Last question: Are there any drawbacks (in terms of organization) to having different “new” spontaneous structures that pop up during stories and conversations for different periods. For example, today I had “He rides a bike” in one level 1 class but not in another LV1. I feel that if I had tried to fit it in another that the CI would seem too scripted/planned and “school-like” for the students.

      I think that is OK, because different classes have different personalities and interests. I think you are on the right track thinking about how off-putting it is to kids to have the class be too “school-like”.

      OK, how do I do this? My classes are very unscripted. What I do is really try to keep all conversation in bounds. If we need to go out of bounds, I think first, is there a way to stay in bounds and get this kid’s idea across? If there is no way to do so, then I severely limit the amount of new words that they get exposed to. So if we have already written two or three things on the board, I will just kind of ignore their idea or translate it into “high-frequency-ese”.

      Example: Kid says that the hamburger was really nasty, bloody, and rare. I say “La hamburguesa era feo y no era una hamburguesa deliciouso” thereby giving the SPIRIT of their idea and still using vocab that they have already acquired.

      I feel that the MOST IMPORTANT thing is for us to use as many of the top 100 or top 200 (in more advanced classes) words as possible and therefore give our kids the ability to acquire the backbone of the language. It takes a commitment to limit the amount of vocab and do some thinking in the moment of “Is this high-frequency?”

      If there are a few words that are unique to each class, they can still be embedded in a supportive mesh of HF words and everyone will just keep humming along acquiring HF words. I have really focused on this in my classes and we can still talk about a lot of cool stuff. I tell the kids a LOT “No soy un diccionario” when they ask me “cómo se dice” whatever cool vocab they want.

      If you look at HF word lists you will see that even words like cat, dog, pet, house, family…they are not in the top 100. I would study, study those HF word lists. I have been very surprised this year to see how much can be done with these words. I am a firm believer in giving my kids “athletic” words, especially verbs, with unsheltered grammar (i.e. whatever tense is needed) so they can start putting these together to express their own meaning.

      Mayne this helps, maybe not… if not let me know and I will try to give you more advice. I am glad to read that you are finding your way to more un-schooly and more authentic communication with the kids. How exciting to read that in a first-year teacher!!! I can’t imagine where you will be this time next year!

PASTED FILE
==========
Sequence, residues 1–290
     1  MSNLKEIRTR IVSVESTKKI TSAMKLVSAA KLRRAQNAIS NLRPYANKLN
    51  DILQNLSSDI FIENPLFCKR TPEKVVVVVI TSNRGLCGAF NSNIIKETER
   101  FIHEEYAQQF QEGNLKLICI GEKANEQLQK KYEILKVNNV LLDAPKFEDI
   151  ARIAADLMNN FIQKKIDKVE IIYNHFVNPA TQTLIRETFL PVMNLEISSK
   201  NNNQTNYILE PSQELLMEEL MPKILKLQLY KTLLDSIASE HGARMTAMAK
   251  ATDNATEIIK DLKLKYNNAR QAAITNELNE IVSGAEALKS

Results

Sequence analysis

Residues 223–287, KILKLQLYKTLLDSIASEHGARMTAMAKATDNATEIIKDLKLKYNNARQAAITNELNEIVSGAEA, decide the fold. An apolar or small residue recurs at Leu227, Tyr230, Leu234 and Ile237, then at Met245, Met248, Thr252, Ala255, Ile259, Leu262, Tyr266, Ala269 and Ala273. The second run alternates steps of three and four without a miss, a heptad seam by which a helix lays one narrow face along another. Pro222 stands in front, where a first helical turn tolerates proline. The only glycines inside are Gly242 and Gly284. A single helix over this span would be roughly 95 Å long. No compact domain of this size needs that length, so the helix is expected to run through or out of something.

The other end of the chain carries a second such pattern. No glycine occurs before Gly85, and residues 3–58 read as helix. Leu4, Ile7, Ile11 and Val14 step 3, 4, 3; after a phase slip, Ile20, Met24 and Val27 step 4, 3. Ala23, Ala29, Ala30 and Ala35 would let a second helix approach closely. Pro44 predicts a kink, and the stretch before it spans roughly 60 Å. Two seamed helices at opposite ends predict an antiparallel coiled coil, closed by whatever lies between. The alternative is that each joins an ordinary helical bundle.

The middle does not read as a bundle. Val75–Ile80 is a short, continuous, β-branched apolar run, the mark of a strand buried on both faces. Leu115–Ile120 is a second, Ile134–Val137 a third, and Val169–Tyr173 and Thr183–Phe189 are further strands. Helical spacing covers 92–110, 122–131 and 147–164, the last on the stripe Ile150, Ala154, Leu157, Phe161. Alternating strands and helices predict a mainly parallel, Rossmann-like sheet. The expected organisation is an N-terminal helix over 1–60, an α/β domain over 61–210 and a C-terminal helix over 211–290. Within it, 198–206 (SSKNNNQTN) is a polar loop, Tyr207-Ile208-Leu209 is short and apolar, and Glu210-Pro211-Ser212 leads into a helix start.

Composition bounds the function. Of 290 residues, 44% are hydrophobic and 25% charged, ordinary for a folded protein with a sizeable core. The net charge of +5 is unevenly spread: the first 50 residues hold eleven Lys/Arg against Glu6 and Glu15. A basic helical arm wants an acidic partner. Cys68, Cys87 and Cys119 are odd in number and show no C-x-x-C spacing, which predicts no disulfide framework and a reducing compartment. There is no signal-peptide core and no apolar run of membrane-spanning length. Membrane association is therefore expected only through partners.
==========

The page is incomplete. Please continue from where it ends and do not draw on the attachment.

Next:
I started my whole career with TPRS and never taught a day out of the book under my own volition (my current eighth graders are a special case, I guess) so to me, finding untargeted CI seems to be like the “conversion story” many of my formerly-traditional colleagues have about letting go of the books and starting with TPRS. I do not have a shiny conversion story because I came out of grad school committed to TPRS…but I do have a conversion story about when I decided to let go of the controls, about October of this here school year. It is kind of like when Luke closes his eyes when flying his X-Wing fighter and blows up the Death Star. Could he have blown it up with his eyes open, on the targets? Maybe not.

      I have found such joy and connection in teaching this way, and kids are loving it. They literally know that I am their conduit, that I will take their cool ideas and make them comprehensible in L2 for their peers, and let them shine and be witty and feel like they are running the slow. You can just ground yourself in the top 100 or 200 words and then go play with your cool new blocks. There are so many things you can build with this backbone and just judiciously add special words into the batter.

        1. I have those same faults in French AND Spanish — go figure. Anyway, thanks for explaining the HF process that you use in your classes.

  2. What dictates the answer to your question, Steven, is whether or not you are OBLIGATED to keep all your classes on the same page at the same time. I teach 8 classes a day across 4 levels, and we seldom do exactly the same structures. But we do follow a very loose quick and dirty structure list that’s kind of cherry picked from the novels we do in 3rd and 4th grade. Basically we looked at those words in the glossary and said, ‘oh, I didn’t get to that last year, so I’ll write it on the list to try to make sure I work it in before the spring when we read.’
    The only accountability I have to this list is the 2x yearly Cornerstone assessments, which I’m told were introduced to help us have something for the upcoming [misguided] PERA law, linking student progress with teacher evaluations. My colleagues and I get together and write the cornerstones based on this structure list. We may say, “I haven’t gotten to ‘se despierta’ yet. I’ll do that before February for the Cornerstone.”
    If you don’t have anyone to prove yourself to at that fine level of detail (which structures with which class/grade/section) then LET IT GO! Let the stories run the ship! If you are accountable, let the stories run the ship anyway, making sure everyone gets whatever you’ve committed to…and the extras are what customizes each class!